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Digital Imaging: Imagine the Possibilities
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Keeping an eye on our galaxy: an overview of satellites

While Galileo was first able to prove that moons orbited planets and planets orbited the sun in 1609, and Kepler to model how those orbits worked, it took much longer for us to understand why they did. One of the first proofs was provided by Isaac Newton 70 years later. It was Newton who first proved that the reason planets remain in their orbits is related to why objects fall to Earth when we drop them: gravity. Earth’s force of gravity pulls all objects down if they are not held up by some other force. Newton is also arguably the first person to come up with the idea of a satellite: He had the idea that if you fired a cannonball from a tall mountain at a high enough velocity, counteracting gravity just enough, it would keep falling toward and around earth without ever hitting it: essentially achieving orbit. His work propelled our understanding of space and objects in it, coming around eventually to the launch the first artificial satellite into orbit.

However, it wasn’t until the mid-20th century that the idea of launching a satellite became a reality. The first, the Sputnik, was launched into space on October 4 1957 by the Soviet Union. Ever since, many other countries have joined the race to space by launching artificial satellites into orbit. But what exactly are satellites and what role do they play in our lives?

A satellite is an object in space that orbits or circles around a bigger object. There are two types of satellites, natural—like the moon orbiting around earth—or artificial—like a space station orbiting around earth. There are dozens of natural satellites in our solar system, with every planet having at least one moon. For example, as of 2017, Jupiter is known to have 69 moons, Saturn has 53 moons, Uranus has 27, and Neptune has 13 moons.

Classifications of Satellites
Artificial satellites take many different forms depending on the functions they play in space, and are classified based on their proximity to Earth’s surface. The three common classifications are: Low-Earth Orbit (LEO), Medium-Earth Orbit (MEO), and Geosynchronous and Geostationary Orbit (GEO).

One way of classifying orbits is by altitude. Low Earth orbit starts just above the top of the atmosphere, while high Earth orbit begins about one tenth of the way to the moon. (NASA illustration by Robert Simmon.)

Low-Earth Orbit (LEO)
LEOs are the most common forms of satellites. It is estimated that about 800 satellites are currently orbiting in the low-earth region, including the International Space Station. LEOs are satellites that orbit close to Earth, usually at a height of about 111 miles (180km) to 1,243 miles (2,000km). These types of satellites move at incredibly high speeds of approximately 27,400 km/h, allowing them to complete a single orbit in approximately 90 minutes. LEOs usually work in groups, called satellite constellations, because of how quickly they change their positions relative to the ground. Due to the fact they constantly move in and out of earth-bound transmitting stations, they have to work in large numbers to maintain uninterrupted signal. Additionally, LEOs are much cheaper and faster to launch as compared to other artificial satellites, and have a very low transmission delay— .05 seconds – for a round trip to be complete. These features make them ideal for communication and imaging functions. LEOs are typically used for data communication like emailing, and video conferencing, as well as earth monitoring, to see the surface of the earth more clearly.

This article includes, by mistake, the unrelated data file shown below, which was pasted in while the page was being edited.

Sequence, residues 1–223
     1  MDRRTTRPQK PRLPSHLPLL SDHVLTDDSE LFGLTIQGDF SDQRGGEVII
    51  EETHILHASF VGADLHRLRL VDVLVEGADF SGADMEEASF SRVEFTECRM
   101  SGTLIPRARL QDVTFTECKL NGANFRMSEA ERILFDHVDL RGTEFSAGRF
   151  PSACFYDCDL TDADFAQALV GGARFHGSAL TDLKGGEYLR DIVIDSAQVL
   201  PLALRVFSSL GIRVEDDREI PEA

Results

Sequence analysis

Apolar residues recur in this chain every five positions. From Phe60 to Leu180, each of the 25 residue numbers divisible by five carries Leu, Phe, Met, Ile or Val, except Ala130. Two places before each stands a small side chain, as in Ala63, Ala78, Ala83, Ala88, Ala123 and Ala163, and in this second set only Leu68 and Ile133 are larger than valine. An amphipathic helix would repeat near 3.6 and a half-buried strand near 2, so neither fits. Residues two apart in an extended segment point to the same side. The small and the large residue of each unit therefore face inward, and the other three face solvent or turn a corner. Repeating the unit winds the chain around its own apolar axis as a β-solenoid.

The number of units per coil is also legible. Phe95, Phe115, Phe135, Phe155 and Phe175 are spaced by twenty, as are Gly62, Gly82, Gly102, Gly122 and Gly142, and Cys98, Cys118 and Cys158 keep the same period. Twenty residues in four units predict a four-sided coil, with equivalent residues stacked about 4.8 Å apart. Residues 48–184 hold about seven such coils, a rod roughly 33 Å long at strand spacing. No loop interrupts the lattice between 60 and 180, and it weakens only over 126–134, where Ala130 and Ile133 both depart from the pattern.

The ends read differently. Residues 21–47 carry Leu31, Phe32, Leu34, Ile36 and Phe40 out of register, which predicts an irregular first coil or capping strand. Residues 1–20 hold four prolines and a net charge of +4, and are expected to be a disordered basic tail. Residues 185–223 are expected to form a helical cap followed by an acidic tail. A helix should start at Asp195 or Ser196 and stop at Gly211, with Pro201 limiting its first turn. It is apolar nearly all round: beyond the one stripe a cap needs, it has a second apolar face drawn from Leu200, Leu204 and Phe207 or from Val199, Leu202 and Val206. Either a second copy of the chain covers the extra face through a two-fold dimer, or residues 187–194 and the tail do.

Medium-Earth Orbit (MEO)
MEOs are satellites that usually orbit at a height of between 1,243 miles to 22,223 miles. These satellites also move at relatively fast speeds and are able to complete an orbit around earth within 2 to 24 hours. A major advantage of MEOs over LEOs is that they are able to cover a greater area of the earth with fewer satellites, thus reducing the need to have multiple satellites working at once. Their distance relative to Earth also means that signals only have to travel a short distance to the receiving end, thus permitting the use of more modest-sized antennas. This helps minimize/eliminate transmission delays, as less time is spent for the signal to travel to the satellite and back down to the receiving station. For example, a MEO satellite requires only about .1 seconds for a round trip to be complete, making it especially suited for real-time communication. Due to their effectiveness at this altitude, MEOs are mainly used for providing connectivity and in geographical positioning systems (GPS).

Geosynchronous and Geostationary Orbit (GEO)
GEO satellites orbit at a height of approximately 22,223 miles above Earth’s equator. These satellites typically orbit at the same speed as the Earth turns, and so take 24 hours for a single orbit to be complete. GEOs take longer to complete a single orbit compared to other types of satellites because Earth’s gravity pulls strongly against satellites that are closer to its center than further way. A key point to note is that every geostationary orbit is geosynchronous, but not every geosynchronous orbit is geostationary. This is because a geosynchronous satellite does not always have to remain exactly above the Earth’s equator, but a geostationary satellite must always be above the Earth’s equator. To put this another way, geostationary satellites always fly over Earth’s equator to remain at a fixed spot, but geosynchronous satellites may have an elliptical orbit—drift east and west over a fixed point—or may orbit in a path that is not aligned with Earth’s equator, usually north or south of earth’s equator during one full orbit.

Geosynchronous orbit vs. Geostationary orbit